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China's "No Limits" Friendship with Russia is Beginning to Crumble

In a joint communiqué on 4 February 2022, China and Russia stated that: "Friendship between the two States [China and Russia] has no limits, there are no forbidden areas of cooperation." This followed the first in-person meeting between Chinese President Xi Jinping and his Russian counterpart Vladimir Putin for nearly two years, at the opening of the Winter Olympics ceremony in Beijing. Just over two weeks later, Russia invaded Ukraine in what most observers at the time believed would be a conflict lasting two or three days before Putin's forces secured an easy victory. However, as the fighting continued and became bogged down in fierce urban warfare across several major cities, the first sign emerged that China's relationship with Russia might not be as limitless as Putin imagined it to be. Xi held urgent talks with Putin and advocated peaceful negotiations between Russia and Ukraine, as analysed in full in my new book on the new global oil market order. At the same time, China's then-Foreign Minister Wang Yi told senior European officials that China respects countries' sovereignty, including Ukraine's. These strong and swift interventions by China shocked Putin, according to a senior Moscow-based source close to the Russian government and another senior source in the European Union's (E.U.) energy security complex, both exclusively spoken to at the time by OilPrice.com. He had apparently been certain before the invasion that China would stand by Russia whatever it did, in line with the 'no limit' friendship joint communiqué. According to the same sources spoken to again by OilPrice.com last week, following new sanctions imposed by the U.S., U.K, and E.U. in recent weeks, with more to come, Putin is facing even more limits on the support he can expect from China.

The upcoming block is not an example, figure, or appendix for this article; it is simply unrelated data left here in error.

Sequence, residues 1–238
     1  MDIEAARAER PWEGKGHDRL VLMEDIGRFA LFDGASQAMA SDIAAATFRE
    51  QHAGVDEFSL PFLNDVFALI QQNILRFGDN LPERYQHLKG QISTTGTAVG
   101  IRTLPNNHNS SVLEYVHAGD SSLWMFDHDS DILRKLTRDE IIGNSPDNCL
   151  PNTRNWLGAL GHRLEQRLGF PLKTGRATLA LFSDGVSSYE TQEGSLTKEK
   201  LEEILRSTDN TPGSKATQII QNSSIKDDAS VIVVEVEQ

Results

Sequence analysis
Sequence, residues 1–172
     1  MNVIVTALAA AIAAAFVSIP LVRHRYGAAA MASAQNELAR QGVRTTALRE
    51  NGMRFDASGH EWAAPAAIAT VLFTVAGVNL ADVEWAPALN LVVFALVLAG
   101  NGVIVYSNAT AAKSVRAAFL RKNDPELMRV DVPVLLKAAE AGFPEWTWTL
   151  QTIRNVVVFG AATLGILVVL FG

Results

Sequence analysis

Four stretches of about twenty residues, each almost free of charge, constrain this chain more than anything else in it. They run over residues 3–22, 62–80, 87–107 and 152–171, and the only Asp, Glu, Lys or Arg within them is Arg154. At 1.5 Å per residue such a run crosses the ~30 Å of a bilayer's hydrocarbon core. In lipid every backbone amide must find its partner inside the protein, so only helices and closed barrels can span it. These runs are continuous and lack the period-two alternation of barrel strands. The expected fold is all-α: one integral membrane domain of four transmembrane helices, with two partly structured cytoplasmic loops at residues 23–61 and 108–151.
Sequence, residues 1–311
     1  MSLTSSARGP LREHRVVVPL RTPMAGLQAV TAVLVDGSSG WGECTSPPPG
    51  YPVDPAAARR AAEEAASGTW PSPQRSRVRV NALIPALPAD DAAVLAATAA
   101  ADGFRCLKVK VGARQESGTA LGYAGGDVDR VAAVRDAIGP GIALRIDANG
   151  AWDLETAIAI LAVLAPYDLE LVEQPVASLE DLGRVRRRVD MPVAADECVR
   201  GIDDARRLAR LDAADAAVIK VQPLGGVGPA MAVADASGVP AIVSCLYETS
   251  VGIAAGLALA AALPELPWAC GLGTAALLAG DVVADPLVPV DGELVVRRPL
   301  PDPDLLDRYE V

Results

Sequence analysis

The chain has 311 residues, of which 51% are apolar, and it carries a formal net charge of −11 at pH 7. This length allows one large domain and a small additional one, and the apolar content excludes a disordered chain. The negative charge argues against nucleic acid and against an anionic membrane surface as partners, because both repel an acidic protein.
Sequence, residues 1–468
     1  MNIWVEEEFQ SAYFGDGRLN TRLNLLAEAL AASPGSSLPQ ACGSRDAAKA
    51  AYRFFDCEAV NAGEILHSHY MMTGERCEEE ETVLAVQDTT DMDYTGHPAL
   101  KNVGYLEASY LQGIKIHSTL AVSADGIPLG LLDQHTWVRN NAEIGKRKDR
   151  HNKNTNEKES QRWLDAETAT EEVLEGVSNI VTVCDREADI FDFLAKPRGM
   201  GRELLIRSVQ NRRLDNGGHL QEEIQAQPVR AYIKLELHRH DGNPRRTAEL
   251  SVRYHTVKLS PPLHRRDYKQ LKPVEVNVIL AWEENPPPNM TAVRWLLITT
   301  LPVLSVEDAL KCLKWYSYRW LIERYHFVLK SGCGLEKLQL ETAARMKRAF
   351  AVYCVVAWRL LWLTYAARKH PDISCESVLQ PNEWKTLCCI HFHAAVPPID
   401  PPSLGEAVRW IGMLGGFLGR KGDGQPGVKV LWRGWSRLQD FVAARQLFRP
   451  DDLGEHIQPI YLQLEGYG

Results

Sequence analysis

At the most recent meeting between Xi and Putin on 16 May in Beijing, the Russian leader would already have been aware that the power dynamic between the two countries had markedly shifted not just from where it was before China's rapid economic growth from the mid-1990s but also from where it was even before Russia invaded Ukraine. In economic terms, China's GDP is now over ten times the size of Russia's (US$20.2 trillion in 2023 versus US$1.9 trillion). Militarily, Beijing spends nearly three times more than Russia (US$296 billion last year compared to US$109 billion). And politically, China's degree of influence across the world has continued to expand, most notably through its 'Belt and Road Initiative' (BRI) and its now de facto leadership of the Shanghai Cooperation Organization (SCO), as also detailed in my new book on the new global oil market order. The SCO has become the world's biggest regional organisation both in terms of geographic scope and population, covering 60 percent of the Eurasian continent (the biggest single landmass on Earth), 40 percent of the world's population, and more than 20 percent of global GDP. The operational scope of the SCO ranges from collective security and military cooperation (in the mould of the North Atlantic Treaty Organization, 'NATO') to economic union (in the manner of the European Union 'EU').